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Do you have any questions or suggestions?  Please leave your comments below.

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If you found this article helpful, then please share with your friends, family, and coworkers by email, Facebook, or Google+.

Like this? Read more:

Getting Enough Vitamin B12? Three Reasons Why You Might Not Be

Vitamin Deficiencies can drive you Crazy- Seriously! Part 1

Images courtesy of FreeDigitalPhotos.net

15 Chronic Pain Causes and 15 Treatments (Vitamin B12 is one)

Monday, March 12th, 2012

 

 

Chronic pain affects close to 50 million Americans with symptoms like severe headaches, nerve pain, muscular soreness, and back pain.  Chronic pain is a nervous system disorder, and does not usually result from any visible injury. Below are 15 common causes of chronic pain, including vitamin B12 deficiency, and 15 potential treatments, including vitamin B12 supplements.

15 CHRONIC PAIN CAUSES AND 15 TREATMENTS (VITAMIN B12 IS ONE) B12 PATCH

What is chronic pain?

If you break your leg, and it hurts for months afterwards, is that chronic pain?  No.  When you sustain an injury, your nervous system responds by sending out pain signals; that is referred to as “acute pain,” and it is a normal reaction.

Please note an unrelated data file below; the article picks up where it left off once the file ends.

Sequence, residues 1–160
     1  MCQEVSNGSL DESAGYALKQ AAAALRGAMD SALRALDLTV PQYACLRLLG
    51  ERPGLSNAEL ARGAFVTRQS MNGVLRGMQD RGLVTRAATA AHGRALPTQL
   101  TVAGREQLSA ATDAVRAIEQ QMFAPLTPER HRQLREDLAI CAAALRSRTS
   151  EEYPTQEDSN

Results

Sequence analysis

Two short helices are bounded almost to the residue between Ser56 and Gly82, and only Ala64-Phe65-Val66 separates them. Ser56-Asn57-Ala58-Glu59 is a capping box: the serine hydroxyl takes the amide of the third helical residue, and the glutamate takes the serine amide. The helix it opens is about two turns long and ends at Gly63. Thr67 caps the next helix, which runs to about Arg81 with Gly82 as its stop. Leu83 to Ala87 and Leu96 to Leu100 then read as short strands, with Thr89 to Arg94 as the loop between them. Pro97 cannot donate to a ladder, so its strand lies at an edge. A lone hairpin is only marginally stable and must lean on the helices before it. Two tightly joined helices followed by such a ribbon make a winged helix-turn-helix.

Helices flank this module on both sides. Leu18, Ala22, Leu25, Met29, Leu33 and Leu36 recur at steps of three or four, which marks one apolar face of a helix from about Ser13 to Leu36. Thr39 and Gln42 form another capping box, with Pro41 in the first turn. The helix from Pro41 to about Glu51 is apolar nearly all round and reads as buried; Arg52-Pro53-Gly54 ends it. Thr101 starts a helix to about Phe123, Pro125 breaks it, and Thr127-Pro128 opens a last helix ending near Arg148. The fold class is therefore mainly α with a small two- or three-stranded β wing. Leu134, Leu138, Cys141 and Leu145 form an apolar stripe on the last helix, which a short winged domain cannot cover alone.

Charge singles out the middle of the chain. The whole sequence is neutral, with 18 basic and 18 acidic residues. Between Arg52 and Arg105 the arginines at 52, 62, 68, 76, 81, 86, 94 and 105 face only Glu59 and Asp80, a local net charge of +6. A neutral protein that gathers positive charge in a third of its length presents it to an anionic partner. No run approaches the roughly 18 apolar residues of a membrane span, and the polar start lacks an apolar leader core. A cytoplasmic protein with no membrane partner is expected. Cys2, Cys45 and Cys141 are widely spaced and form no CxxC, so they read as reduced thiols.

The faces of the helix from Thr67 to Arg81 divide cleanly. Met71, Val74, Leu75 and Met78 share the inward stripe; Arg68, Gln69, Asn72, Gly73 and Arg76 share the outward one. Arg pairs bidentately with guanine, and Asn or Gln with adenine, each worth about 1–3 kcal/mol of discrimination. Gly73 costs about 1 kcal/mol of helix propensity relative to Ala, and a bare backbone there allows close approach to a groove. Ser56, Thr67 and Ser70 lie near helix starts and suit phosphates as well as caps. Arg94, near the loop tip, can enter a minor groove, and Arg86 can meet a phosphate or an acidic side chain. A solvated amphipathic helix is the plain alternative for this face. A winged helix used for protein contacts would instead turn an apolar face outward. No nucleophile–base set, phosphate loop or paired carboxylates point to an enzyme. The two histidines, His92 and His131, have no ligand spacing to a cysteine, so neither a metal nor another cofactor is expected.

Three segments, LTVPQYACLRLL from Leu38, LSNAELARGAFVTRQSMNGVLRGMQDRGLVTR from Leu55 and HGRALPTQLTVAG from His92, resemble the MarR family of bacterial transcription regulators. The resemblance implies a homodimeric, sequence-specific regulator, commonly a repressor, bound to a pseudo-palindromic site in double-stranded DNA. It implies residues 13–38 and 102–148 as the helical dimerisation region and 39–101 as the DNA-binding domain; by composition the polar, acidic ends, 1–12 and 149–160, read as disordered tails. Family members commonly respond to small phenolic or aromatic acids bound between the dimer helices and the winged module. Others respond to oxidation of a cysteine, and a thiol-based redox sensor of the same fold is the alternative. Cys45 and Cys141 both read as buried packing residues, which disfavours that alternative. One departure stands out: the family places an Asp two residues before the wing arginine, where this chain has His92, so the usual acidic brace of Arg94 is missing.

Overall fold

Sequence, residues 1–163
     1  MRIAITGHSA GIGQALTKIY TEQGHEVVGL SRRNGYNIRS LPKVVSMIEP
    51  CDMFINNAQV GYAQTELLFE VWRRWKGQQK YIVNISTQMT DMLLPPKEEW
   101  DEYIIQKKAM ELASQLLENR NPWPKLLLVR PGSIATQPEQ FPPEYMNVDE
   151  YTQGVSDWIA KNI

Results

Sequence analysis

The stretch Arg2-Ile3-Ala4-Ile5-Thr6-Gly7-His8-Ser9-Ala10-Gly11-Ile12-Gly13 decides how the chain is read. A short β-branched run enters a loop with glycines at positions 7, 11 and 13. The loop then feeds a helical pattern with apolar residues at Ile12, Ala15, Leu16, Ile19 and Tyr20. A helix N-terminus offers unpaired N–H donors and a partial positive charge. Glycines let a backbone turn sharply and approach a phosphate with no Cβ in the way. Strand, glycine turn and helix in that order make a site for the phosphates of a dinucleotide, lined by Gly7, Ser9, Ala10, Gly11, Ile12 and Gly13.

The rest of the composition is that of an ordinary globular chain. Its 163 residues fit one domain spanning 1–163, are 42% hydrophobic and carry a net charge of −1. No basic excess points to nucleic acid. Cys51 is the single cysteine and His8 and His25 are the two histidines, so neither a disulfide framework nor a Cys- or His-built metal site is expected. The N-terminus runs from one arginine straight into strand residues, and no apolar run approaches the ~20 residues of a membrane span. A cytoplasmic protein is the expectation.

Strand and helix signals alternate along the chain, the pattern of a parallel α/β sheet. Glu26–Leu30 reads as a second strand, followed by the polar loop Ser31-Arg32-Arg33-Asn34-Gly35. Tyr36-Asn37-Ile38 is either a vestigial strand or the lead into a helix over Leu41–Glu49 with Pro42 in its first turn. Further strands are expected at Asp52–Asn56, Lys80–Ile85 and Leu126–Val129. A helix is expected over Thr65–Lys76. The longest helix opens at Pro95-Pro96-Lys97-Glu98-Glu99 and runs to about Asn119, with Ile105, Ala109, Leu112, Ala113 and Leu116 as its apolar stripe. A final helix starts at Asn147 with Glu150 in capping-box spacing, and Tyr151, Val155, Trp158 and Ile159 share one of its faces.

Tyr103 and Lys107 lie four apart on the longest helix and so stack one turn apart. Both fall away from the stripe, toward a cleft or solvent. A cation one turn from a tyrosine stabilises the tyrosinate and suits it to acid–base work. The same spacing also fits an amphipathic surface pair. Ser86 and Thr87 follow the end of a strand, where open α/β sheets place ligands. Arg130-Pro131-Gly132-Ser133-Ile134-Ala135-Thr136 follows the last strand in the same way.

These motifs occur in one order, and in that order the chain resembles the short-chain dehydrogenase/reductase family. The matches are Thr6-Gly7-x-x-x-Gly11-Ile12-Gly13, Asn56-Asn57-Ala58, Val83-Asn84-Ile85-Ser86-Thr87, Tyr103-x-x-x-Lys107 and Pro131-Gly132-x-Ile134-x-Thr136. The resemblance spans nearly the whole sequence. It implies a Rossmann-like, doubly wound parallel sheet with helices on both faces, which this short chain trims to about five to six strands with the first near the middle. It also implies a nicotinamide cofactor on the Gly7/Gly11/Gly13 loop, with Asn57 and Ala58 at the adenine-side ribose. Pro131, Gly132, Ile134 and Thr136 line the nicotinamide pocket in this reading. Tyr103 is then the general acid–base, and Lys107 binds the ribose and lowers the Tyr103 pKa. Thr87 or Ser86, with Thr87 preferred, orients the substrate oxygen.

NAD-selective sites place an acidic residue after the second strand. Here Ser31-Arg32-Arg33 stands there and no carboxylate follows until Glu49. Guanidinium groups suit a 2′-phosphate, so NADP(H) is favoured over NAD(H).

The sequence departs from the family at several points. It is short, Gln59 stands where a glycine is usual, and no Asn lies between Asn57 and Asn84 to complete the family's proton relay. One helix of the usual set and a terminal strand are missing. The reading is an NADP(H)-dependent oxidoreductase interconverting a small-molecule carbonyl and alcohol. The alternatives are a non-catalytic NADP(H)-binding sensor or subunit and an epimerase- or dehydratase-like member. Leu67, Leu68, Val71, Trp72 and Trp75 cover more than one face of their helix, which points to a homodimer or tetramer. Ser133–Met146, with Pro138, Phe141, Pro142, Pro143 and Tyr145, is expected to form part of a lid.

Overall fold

With chronic pain, your nervous system continues to fire pain signals, even in the absence of any previous bodily injury.  Chronic pain can last for many months or years, and make it difficult for the pain sufferer to handle everyday commitments.

Chronic pain causes

Below are the 15 most common causes of chronic pain:

  1. 15 CHRONIC PAIN CAUSES AND 15 TREATMENTS (VITAMIN B12 IS ONE) B12 PATCHNeuropathy, including vitamin B12 deficiency and diabetic neuropathy
  2. Multiple sclerosis (MS)
  3. Fibromyalgia
  4. Headache, including migraines and cluster headaches
  5. Lower back pain
  6. Arthritis pain, including osteoarthritis
  7. Psychogenic pain
  8. Chronic fatigue syndrome (CFS)
  9. Endometriosis
  10. Visceral pain, including pancreatitis and active hepatitis
  11. Inflammatory bowel disease (IBD)
  12. Interstitial cystitis
  13. Temporomandibular joint (TMJ) dysfunction
  14. Shingles
  15. Vulvodynia

15 CHRONIC PAIN CAUSES AND 15 TREATMENTS (VITAMIN B12 IS ONE) B12 PATCH

Also read: I have Fibromyalgia…Which Supplements should I take?

Chronic pain treatments

Only about 58% of chronic pain sufferers find relief through prescribed painkillers.  The best way to treat chronic pain is with a multi-pronged approach that incorporates physician-approved medication, relaxation techniques, vitamins, and holistic treatments for pain.